While I generally play the 'light' path in an RPG because the 'dark' path usually closes down options and also doesn't make sense I found Mass Effect quite different. The Renegade option in Mass Effect is, if you want to use DnD terms, more of a chaotic good or neutral path. You are out to save the galaxy and aren't afraid to kick dudes in the face to do it, but you are definitely not evil as more traditional games would have you be.

I did my Renegade playthrough by being nice to my crew but stomping everyone else, it worked well, felt real and I wasn't a moustache twirling villain.

I've only played through ME1 and ME2 once each (as male Shepard), and while I made several renegade choices when I felt it was appropriate, my character ended up on the paragon side of the meter. Later this year I plan to replay both games as a tough bitch (renegade FemShep), and I assure you I will have no problem sticking to the renegade path. After all, it's just a game - a damn good one, but still, just a game.

Since a few people mentioned BioShock, I'll state that I harvested every little sister I came across. Not because I was making a conscious decision to be "evil," but because doing so gave me the most ADAM.

Man, as long as we have clear-cut moral decisions, rather than embedded moral dillemmas games will never interest me with their moral choice systems. The choice always seems to be 'Are you good or evil?', as opposed to something that makes you examine your values, or stand for one value over another. I want to see moral decisions that sneak up on you, where you don't realise a choice is presented until you've chosen.

In other news, Eegra seems to be back out of bankruptcy. Anybody who enjoys the GWJ podcast should DEFINITELY check out their 'Octopodcast'. It only ran for five episodes, but featured some of the deepest discussion, funniest humour, and worst sound quality of any show online.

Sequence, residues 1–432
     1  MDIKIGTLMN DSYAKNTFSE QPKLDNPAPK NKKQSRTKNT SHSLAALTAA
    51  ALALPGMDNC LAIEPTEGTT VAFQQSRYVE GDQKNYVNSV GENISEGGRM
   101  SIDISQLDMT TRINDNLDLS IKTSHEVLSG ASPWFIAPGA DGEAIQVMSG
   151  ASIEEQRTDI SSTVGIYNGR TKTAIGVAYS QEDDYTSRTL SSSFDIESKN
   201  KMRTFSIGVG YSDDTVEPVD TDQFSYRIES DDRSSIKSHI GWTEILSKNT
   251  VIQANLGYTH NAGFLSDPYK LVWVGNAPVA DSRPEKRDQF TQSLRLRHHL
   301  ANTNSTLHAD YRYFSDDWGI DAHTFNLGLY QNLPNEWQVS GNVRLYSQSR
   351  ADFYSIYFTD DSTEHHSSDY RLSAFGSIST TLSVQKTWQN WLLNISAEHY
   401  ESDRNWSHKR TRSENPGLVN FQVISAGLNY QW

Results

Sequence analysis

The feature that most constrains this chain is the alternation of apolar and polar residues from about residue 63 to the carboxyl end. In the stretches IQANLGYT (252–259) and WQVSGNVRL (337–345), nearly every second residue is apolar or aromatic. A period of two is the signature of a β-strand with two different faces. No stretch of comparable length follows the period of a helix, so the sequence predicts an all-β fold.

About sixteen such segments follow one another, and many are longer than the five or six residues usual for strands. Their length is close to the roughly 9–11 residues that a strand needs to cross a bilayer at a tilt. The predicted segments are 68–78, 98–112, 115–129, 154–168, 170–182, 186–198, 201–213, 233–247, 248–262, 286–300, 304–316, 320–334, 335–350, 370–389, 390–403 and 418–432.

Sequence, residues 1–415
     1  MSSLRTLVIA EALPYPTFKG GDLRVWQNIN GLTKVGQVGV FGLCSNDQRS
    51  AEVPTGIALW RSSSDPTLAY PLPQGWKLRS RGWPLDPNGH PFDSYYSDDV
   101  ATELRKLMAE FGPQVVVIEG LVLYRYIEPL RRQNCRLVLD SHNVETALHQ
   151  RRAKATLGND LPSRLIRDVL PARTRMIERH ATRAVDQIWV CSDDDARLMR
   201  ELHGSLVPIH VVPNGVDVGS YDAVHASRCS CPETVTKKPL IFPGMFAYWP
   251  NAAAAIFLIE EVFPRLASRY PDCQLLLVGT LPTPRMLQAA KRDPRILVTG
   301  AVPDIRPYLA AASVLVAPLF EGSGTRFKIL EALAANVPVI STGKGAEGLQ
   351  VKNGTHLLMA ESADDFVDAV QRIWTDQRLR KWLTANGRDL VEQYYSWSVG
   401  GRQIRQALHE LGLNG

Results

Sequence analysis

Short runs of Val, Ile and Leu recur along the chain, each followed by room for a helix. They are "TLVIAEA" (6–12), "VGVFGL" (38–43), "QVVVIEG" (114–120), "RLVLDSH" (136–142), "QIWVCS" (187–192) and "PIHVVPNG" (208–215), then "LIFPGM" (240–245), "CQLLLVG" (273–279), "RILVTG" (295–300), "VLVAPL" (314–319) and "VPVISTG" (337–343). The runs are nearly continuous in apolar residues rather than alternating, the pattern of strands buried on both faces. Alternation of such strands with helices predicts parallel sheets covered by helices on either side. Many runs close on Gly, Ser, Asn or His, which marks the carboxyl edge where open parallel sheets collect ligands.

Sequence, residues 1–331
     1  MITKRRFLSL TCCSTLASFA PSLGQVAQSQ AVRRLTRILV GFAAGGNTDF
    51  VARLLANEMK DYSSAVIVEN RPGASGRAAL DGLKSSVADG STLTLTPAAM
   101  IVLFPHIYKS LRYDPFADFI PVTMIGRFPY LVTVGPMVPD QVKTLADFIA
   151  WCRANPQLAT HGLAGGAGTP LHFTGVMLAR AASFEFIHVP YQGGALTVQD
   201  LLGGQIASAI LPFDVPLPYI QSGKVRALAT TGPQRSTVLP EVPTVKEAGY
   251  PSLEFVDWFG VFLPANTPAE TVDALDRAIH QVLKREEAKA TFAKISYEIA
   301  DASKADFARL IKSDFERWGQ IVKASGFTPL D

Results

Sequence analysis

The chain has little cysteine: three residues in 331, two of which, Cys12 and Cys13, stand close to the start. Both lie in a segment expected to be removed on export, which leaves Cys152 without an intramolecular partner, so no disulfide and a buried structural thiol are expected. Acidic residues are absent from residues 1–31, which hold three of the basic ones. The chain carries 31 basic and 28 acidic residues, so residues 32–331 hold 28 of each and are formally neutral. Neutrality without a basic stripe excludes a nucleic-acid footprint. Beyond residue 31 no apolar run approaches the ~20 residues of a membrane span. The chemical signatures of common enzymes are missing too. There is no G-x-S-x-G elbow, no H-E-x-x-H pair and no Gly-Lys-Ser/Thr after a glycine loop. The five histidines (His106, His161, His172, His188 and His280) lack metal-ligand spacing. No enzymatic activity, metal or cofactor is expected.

Seriously, click the link, the site may not be around for long: http://www.eegra.com/show/sub/cat/re...

-Just realised it looks like I'm soullessly advertising. But their second episode features some truly excellent discussion on Mass Effect and morality systems in general.

El-Taco-the-Rogue wrote:

Man, as long as we have clear-cut moral decisions, rather than embedded moral dillemmas games will never interest me with their moral choice systems. The choice always seems to be 'Are you good or evil?', as opposed to something that makes you examine your values, or stand for one value over another. I want to see moral decisions that sneak up on you, where you don't realise a choice is presented until you've chosen.

You tried the Witcher? It's the closest I've seen to a game that forces you to make tough choices. What's especially cool is you only find out the consequences hours later.

Man, all these posts, and no mention of The Witcher yet? I'm usually a good-two shoes player in Mass Effect (with the occasional renegade-y choice when I'm not in the mood to deal with idiots), so I was pretty intrigued by all the hubbub about The Witcher not having such clear cut choices. And it lives up the hubbub. The town of Vizima is rife with lesser-of-two-evil type scenarios that made me sit and stare at the screen for a bit while I tried to decide what to do. The only time in Mass Effect where I did that was not even on a Paragon/Renegade choice: Virmire.

Damn, it, MrDeVil909...you Tanhausered (spelling?) me while I was writing my comment! Curse these slow typing hands!

I think there are the elements of a darn good psychology PhD thesis in this "Sands" effect and "Anti-Sands" effect. I wouldn't be surprised if it has already been done, actually.

The best video games make it difficult for you to disassociate yourself from the protagonist. My "completionistic" and "scottish" tendencies generally lead me to play all sides of the very few games I buy.

I do have to force myself to act a role when making the evil choices and will usually choose the paragon-like choices on the first run through.

I wonder if there are any correlations in background or other variables in those that experience the Sands effect?